I can't fall asleep. Today, our neighborhood was affected by the Columbia Gas explosions in Massachusetts —and I keep replaying the last few hours in my head over and over.
I'm just lying awake reading news story after news story , updating friends and family who are texting to let them know we're okay.
My babies are okay.
This afternoon, a few minutes before 5:00 pm, I heard a loud noise outside my house and a lot of commotion on our street. I smelt gas. My two big girls were watching the movie Brave and my 11-month-old was at the tail end of her much-needed cat nap. I was trying on a dress for a wedding. I poked my head out our front door to see what was going on and right before my eyes, chaos ensued.
I noticed the smoke in the air, and paired with the gas smell, I knew this wasn't good. I shouted to my neighbors next door, "Do we need to leave our home???" They shouted back, "Yes! Get out now!"
Get the babies. Get in the car. That's what I knew I needed to do. Focus, focus, mama.
I still didn't know what was going on, but I felt it—I knew this was bad and I knew I needed to get my babies out. I, as calmly as I could fake, told my big girls that we were going to go to Aunt Megan's for a visit and to "hold hands right here" while I ran and got the baby. I ripped the dress I was trying on off, threw clothes on that were strewn about nearby and quickly pulled my sleeping, confused baby out of her crib.
I scanned the kitchen to make sure I didn't leave anything on, and we bolted out to our car—no shoes, mishmoshed clothes, and only three diapers in my purse. A police officer in front of our house shouted, "Good! Get out of here!" as I buckled the baby into her seat with shaking hands. We live in the city of Lawrence, Massachusetts and decided we'd head to my sister's home in the town next door, North Andover.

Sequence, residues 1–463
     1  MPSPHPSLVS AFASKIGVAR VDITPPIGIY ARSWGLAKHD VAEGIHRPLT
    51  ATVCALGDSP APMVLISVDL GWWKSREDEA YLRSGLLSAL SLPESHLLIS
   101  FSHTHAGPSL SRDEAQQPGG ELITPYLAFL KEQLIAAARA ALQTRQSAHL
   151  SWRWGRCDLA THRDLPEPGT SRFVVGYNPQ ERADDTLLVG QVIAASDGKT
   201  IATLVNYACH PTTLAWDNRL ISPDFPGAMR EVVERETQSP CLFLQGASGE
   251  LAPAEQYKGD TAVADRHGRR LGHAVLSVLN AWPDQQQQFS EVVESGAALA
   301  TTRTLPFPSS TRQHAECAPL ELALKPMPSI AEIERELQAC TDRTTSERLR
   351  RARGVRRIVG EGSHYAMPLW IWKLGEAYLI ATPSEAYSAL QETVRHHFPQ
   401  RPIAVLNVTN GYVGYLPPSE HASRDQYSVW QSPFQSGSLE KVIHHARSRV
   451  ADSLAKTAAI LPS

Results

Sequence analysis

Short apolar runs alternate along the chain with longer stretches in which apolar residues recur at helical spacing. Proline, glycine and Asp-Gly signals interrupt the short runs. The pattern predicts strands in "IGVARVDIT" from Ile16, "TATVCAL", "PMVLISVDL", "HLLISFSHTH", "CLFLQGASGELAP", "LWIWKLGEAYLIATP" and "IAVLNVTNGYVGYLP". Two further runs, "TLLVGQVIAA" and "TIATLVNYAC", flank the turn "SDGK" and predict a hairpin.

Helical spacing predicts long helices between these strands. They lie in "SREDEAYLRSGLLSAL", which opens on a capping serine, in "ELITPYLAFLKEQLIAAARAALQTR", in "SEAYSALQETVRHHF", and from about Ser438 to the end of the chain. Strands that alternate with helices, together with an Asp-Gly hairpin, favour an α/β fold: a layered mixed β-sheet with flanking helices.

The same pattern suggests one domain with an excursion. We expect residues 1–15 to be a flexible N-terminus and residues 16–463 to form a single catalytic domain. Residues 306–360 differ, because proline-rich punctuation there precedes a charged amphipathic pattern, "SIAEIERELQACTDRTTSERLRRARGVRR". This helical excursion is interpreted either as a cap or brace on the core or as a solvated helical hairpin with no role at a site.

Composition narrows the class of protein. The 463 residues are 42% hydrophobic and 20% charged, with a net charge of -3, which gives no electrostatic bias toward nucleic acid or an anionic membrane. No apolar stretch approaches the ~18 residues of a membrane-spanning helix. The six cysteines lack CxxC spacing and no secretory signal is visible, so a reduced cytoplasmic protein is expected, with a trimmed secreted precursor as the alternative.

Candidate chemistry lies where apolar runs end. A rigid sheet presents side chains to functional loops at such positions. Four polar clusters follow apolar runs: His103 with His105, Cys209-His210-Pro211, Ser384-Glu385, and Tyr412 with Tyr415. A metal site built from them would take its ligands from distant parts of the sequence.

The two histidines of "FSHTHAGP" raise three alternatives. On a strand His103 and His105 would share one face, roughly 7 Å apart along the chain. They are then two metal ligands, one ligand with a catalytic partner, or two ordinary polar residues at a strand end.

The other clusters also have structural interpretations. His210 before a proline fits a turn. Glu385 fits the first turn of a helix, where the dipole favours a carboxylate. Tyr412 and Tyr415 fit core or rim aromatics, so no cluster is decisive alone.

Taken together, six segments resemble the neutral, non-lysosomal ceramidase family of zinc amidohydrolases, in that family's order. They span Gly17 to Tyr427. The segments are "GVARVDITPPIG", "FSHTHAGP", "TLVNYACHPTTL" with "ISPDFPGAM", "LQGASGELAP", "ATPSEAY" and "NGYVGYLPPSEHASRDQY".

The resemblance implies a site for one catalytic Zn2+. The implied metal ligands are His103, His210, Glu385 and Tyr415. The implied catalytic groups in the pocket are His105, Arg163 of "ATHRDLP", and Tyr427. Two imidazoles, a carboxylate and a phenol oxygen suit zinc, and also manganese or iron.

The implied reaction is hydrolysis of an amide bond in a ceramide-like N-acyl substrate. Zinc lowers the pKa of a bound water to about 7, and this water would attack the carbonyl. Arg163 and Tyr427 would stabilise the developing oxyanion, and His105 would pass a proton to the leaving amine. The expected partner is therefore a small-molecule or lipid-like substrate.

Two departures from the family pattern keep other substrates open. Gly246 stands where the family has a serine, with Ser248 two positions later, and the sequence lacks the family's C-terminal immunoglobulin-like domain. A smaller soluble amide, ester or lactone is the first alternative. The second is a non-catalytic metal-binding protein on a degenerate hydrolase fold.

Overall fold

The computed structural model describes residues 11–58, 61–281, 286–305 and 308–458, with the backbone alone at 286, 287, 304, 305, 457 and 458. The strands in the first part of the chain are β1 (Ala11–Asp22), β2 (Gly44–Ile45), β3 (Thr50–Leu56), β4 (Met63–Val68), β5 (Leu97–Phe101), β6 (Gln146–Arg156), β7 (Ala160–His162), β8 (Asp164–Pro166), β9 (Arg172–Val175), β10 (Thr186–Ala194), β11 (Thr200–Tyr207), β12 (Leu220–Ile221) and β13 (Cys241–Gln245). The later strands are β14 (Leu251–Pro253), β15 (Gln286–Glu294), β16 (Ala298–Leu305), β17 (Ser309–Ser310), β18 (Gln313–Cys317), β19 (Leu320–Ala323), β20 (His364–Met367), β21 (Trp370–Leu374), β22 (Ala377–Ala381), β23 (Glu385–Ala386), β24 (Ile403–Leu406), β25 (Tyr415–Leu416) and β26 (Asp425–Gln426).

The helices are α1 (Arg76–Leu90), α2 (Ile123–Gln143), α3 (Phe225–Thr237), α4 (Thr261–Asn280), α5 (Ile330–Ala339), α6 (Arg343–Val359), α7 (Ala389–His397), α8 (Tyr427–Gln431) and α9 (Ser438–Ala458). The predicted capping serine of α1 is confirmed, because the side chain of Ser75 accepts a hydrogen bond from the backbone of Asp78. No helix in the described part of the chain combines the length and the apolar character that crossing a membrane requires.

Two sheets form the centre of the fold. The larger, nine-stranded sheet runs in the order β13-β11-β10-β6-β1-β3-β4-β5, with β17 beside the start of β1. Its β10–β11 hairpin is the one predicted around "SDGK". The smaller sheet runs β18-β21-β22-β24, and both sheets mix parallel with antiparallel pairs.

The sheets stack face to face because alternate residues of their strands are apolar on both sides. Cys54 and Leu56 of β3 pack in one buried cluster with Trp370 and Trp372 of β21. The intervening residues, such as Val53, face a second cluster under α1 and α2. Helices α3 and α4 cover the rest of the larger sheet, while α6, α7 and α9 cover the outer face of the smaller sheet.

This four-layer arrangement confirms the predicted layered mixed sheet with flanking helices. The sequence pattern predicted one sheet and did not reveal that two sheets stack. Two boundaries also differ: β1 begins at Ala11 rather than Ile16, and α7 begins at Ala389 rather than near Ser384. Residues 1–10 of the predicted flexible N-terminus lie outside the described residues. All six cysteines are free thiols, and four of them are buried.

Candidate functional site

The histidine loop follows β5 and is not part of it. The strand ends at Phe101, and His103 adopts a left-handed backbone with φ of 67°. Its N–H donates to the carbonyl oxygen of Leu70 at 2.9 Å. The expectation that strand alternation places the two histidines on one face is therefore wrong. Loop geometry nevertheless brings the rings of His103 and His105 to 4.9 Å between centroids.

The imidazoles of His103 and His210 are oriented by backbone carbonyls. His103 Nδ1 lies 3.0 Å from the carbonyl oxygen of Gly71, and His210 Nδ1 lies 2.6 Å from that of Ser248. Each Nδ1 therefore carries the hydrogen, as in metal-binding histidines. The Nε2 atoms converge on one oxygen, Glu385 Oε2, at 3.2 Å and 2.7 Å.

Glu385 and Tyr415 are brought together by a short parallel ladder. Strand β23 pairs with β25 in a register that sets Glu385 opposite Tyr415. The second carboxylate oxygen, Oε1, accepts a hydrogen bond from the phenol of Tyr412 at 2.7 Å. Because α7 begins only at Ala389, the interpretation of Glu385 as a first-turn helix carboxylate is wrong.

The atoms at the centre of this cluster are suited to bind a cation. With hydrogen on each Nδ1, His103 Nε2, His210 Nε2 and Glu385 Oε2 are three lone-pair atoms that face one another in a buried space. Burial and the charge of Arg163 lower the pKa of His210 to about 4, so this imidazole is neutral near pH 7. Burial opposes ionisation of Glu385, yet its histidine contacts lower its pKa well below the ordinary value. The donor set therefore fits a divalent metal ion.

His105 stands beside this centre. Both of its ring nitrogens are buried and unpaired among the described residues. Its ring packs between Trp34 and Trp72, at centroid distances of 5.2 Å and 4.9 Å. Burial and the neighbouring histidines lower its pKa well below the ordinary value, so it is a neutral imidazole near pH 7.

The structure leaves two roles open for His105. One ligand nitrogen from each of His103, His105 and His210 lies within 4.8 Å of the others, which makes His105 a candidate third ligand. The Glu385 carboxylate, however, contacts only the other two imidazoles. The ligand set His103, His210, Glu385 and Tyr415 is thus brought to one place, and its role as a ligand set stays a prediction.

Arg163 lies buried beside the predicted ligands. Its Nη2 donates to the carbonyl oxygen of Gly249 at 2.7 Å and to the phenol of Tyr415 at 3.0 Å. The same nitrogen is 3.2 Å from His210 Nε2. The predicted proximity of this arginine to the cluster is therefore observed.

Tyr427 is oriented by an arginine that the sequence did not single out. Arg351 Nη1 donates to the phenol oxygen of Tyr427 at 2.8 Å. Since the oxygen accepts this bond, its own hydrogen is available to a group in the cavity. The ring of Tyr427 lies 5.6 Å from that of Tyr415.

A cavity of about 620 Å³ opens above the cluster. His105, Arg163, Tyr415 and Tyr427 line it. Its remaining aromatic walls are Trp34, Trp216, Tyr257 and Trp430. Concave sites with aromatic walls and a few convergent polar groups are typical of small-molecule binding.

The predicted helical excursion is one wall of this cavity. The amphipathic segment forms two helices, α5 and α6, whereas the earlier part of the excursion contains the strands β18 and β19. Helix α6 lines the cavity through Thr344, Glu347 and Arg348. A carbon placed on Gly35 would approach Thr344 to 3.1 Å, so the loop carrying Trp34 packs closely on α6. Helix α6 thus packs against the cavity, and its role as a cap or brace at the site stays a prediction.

She called me on our way over there and told us they were being evacuated too. The roads were crowded. I looked to my left to see firefighters working on a house near the intersection I take to my sisters. More panic set in.
But my babies were okay.
My babies were with me.
My sister and her crew headed north to her in-laws in New Hampshire, as we headed south to my sister and brother-in-laws 30 miles from our house. They ordered pizza. I watched the news. My husband finally got to us after work. I went to Marshall's to get some clothes for us, and shoes for me. I cried as I drove by myself, finally able to break down without my kids watching.
I took a deep breath.
This is a lot. This is scary .
But my babies are okay.
I am okay.
We have what we need—we have each other.
A house two doors down from us, where a local police officer and his beautiful family live—burnt to the ground. It burned for so long before firefighters could even get to it because of all the other explosions going on. My heart breaks for my neighbors—but I'm so grateful they are physically okay.
There have been a reported 70+ homes that have been affected by gas explosions and fires in our city, and our two neighboring towns, North Andover and Andover. National Grid turned the power out and we're unsure of when we will be able to safely return to our homes.
But my babies are okay.
Today was one of those unimaginable days that then become a reality.
So far, one mama's 18-year-old baby is not okay. A boy, in a house 1.4 miles from ours, died from the explosion at his home. I can't even fathom this. My heart breaks for his family, for their unimaginable pain and shock, and every ounce of love and prayers I have goes out to them.
My love and prayers go out to all the incredible, hard-working, brave first responders who are working tirelessly to make sure this is contained. They're amazing. Firefighters from all over New Hampshire, Maine, and Massachusetts (and likely more areas) have banded together to fight this and to keep our community safe.
To keep my babies safe.
You never really think disaster is going to happen to you. Today it brushed way too close for comfort. It has rocked me to my core.
What if it were our house? I was home with all three babies. What if something happened to them? What if it happened through the night and everyone had been sleeping?
I can't answer these what if's. And they make my stomach turn even thinking of them.
So for now, I'll thank God and my lucky stars above that my babies are okay.
Today was overwhelming. And scary. And heartbreaking. It asked me to step up to the plate of motherhood—by pretending I was calm when I wasn't, by figuring out what to do because I was the adult in charge of three tiny humans, by making sure my babies were okay.
And they're okay.
My babies are okay.
And so, for right now, I guess I am too.